Aside from buying stocks on the cheap, managers also curb volatility by hedging the entire portfolio against the U.S. dollar, effectively neutralizing any impact from currency fluctuation. "Some people argue that it's not necessary to hedge because, over the long-term, the performance of hedged versus unhedged portfolios is about the same anyway," Browne says. "That's fine if you're willing to wait 20 years for things to even out. But our investors want to lower their volatility immediately, and that's what our hedging strategy does." As for any upside the fund might sacrifice by swearing off currency bets, Browne says he prefers that returns come from the local stock markets rather than currency fluctuations.

Unlike many managers of foreign-stock funds, the team at Tweedy, Browne usually stays close to home. "We call managers of foreign companies, but we don't think it's necessary to camp out on their doorsteps," says Thomas H. Shrager, an analyst and one of the firm's managing directors. "We're focusing on a company's financial position or product, not trying to get a warm and fuzzy feeling from the CEO. And we don't buy stocks with astronomical valuations. Expectations are low, and the numbers, not the CEO, are going to tell most of what we need to know."

Even though the fund's global mandate gives its managers the leeway to invest in American companies, domestic businesses account for only about 12% of assets. Since the fund's inception, in fact, Tweedy, Browne Global Value never has invested more than 15% of its assets in U.S. companies. "When we started the fund, we wanted to have the flexibility to move into the U.S. if stocks were cheaper than in other countries," says Shrager. "But that hasn't happened yet, and we don't have any plans to add to our U.S. positions."

Europe represents the largest geographical chunk of the fund, weighing in at 55% of assets, followed by the Pacific Rim, at 20%. Japanese companies represent just over 12% of the Pacific Rim allocation. You won't find many emerging markets here. This cautious bunch sticks to countries where you can feel safe drinking the water.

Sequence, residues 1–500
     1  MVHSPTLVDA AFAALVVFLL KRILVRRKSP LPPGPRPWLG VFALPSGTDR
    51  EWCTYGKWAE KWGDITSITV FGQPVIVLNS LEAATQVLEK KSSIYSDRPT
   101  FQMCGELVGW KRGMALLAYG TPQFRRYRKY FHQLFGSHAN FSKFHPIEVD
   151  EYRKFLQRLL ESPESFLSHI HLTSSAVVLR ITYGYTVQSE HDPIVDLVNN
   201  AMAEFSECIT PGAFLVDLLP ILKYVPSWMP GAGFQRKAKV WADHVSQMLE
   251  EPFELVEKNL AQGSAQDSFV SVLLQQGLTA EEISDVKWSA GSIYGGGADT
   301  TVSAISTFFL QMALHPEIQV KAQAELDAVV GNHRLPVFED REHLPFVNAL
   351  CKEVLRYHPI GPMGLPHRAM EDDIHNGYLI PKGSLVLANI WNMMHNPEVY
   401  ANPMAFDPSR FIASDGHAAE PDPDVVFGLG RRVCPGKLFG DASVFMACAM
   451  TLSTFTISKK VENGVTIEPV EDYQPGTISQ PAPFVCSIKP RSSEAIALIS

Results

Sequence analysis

Of the fund's five largest holdings, Browne is most excited about Germany's Merck KGaA. The stock has been held back, he says, because investors think the company isn't focusing enough on its pharmaceutical division. But a new president recently initiated a restructuring program that disposed of noncore business units, and that, combined with the new president himself, should revamp its image and bring its valuation more in line with other pharmaceutical stocks.

Never mind the widely publicized tech-company layoffs or the gyrating stock market. Or concerns about much of the world sliding into a recession. Or the other litany of economic woes about which we keep hearing. George Evans, manager of the Oppenheimer International Growth Fund based in New York, says that over the long term, the world is entering an era of what he calls "mass affluence" that will overpower any short-term setbacks in the stock market.

"Quite simply, the world is getting richer," he says. "Per capita income is getting higher here and in Europe, and Singapore's per capita income is higher than the U.K.'s. Overall, the growth in affluence is exceeding population growth."

But what about those nasty negative earnings reports that keep dogging the stock markets of the world? "At the moment, all investors really seem to care about are next quarter's earnings," says the 41-year-old Evans, who has managed the fund since 1996. "We're interested in whether a company can grow earnings over the long term. Right now, we're picking up stocks at bargain prices because of the panic. Two to three years out, I believe they will be substantially higher."

Although he's a bargain hunter, Evans says he doesn't really fit into the "growth at a reasonable price" camp. "The GARP guys like to buy stocks with above-market earnings growth at slightly below-market price-earnings ratios," he says. "We buy on downturns and market overreaction to bad news. I call it GASP-growth at a stupid price."

His style isn't easy to categorize, he says. "It's not like we look for companies in a particular sector with the lowest price-earnings ratios, or anything like that. We just want to find companies that are selling at bargain prices compared to where we think they can be two or three years out. There's really no formula."

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